• Can Travel Keep You Young? | Natural Exposures, Inc.

    Can Travel Keep You Young?

    Posted Jul. 14th, 2015 by Tanya Cox

    The Natural Exposures 2011 Costa Rica group enjoying the benefits of travel.

    The Natural Exposures 2011 Costa Rica group enjoying the benefits of travel.

    Travel can be stressful, think flight delays, expense, figuring out how to function in a different culture. But it turns out that travel can also keep you young, decrease cardiac issues, and help your brain grow and become healthier.

    Dr. Paul Nussbaum from the Brain Health Center Inc. said in Costco Connection (May 2014), “Travel is good medicine. It is important to participate in behaviors that promote brain health and build brain resilience across the life span.”

    Freddy having fun on our swim down the gin clear water of the Salobra River. Brazil.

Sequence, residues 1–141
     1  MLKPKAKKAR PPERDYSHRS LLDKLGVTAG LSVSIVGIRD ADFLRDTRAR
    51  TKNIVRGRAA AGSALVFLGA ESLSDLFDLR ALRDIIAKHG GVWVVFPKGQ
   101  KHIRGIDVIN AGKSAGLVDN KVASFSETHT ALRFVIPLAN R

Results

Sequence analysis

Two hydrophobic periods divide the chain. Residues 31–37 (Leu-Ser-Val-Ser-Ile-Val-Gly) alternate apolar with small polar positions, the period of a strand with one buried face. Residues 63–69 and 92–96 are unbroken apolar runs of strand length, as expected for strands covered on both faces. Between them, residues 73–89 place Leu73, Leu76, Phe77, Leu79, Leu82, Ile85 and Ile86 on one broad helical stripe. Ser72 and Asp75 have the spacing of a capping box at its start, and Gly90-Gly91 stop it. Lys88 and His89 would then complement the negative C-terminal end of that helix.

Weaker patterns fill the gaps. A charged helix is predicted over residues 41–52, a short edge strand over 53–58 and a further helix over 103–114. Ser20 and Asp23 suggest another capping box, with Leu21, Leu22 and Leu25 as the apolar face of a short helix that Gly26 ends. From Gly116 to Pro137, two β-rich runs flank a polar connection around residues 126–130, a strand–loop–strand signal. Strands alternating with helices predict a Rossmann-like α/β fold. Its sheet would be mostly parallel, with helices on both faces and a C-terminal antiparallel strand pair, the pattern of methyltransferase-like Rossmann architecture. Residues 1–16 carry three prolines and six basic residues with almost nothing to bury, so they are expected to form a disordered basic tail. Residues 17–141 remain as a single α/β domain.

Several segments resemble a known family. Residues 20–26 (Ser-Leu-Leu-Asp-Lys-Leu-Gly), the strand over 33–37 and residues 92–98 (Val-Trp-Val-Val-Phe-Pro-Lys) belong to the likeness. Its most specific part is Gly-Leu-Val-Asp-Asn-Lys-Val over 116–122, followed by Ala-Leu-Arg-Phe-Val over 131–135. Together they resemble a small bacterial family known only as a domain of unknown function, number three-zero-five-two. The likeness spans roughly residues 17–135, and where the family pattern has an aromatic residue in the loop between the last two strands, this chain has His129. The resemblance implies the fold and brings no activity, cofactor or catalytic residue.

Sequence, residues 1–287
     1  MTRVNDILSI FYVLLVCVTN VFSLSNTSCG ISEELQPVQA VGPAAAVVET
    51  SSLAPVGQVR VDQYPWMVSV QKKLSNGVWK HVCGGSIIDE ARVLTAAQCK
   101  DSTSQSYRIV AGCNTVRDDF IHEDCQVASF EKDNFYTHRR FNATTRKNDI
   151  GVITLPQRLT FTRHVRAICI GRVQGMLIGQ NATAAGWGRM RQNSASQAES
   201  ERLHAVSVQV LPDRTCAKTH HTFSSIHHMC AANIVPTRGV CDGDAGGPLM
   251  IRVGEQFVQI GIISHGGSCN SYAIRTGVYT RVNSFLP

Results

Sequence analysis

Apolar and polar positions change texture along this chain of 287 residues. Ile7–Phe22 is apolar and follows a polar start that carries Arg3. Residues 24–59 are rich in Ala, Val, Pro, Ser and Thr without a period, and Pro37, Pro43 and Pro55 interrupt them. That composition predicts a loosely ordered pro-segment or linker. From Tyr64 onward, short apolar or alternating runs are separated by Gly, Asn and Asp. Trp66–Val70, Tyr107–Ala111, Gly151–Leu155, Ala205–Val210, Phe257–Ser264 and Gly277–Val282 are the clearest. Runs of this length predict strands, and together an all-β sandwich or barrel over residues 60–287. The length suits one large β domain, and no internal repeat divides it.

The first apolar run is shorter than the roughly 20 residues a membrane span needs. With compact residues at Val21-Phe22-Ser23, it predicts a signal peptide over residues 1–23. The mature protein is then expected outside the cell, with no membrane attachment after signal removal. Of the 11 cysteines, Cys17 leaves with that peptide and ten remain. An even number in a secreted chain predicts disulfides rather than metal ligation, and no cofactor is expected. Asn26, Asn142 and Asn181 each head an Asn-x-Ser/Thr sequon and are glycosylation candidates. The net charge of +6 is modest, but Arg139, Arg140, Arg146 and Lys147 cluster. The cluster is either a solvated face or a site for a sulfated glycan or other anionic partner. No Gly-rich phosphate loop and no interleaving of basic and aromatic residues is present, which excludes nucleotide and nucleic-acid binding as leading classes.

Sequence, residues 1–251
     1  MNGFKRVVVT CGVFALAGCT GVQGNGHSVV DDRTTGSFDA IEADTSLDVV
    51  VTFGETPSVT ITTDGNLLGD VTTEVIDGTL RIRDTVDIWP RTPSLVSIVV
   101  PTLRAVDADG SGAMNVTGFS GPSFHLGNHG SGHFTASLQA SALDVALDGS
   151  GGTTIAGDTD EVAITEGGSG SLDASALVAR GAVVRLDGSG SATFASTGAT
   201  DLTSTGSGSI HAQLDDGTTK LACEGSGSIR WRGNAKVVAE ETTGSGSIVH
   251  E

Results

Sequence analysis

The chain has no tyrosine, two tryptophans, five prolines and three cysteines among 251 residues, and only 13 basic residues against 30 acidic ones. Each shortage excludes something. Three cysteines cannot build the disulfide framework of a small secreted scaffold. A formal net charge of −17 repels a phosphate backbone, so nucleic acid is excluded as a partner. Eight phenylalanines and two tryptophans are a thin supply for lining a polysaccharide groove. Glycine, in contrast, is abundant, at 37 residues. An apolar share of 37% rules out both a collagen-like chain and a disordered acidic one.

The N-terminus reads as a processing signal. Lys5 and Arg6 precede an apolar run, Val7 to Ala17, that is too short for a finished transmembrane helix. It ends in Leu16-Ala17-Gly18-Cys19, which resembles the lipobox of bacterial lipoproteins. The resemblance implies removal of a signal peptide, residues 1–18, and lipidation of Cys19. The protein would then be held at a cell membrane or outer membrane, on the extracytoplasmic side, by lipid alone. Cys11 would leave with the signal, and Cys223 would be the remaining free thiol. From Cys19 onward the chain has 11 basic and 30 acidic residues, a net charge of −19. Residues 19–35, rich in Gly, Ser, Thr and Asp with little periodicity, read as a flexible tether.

Freddy having fun on our swim down the gin clear water of the Salobra River. Brazil.

    When you expose the brain to new situations and environments, as you do while traveling, it grows and makes new connections.

    If cognitive development and brain growth isn’t enough (we could all use that, right?) studies show that travel has physical and social benefits that lead to a healthier aging process, according to the US Travel Association.

    An article in Forbes Life states, “Surveys from the Global Coalition on Aging  (GCA) show that group travel builds social ties, which studies suggest help nurtures interest in life-long learning. And small groups are especially able to deliver personal interactions; whether enjoying a picnic lunch by a vista, or encounters with local families during home-hosted lunches and dinners.”

    Michael Hodin, director of the GCA said, “Taking into account socio-economic difference, our research found women who vacationed at least twice a year had significantly lower risk for heart issues and death than women who vacation every six years. Men who took annual vacations lowered their risk of death from heart disease by 30 percent over the non-vacationing group.”

    Sounds like a good excuse to take a trip, doesn’t it?

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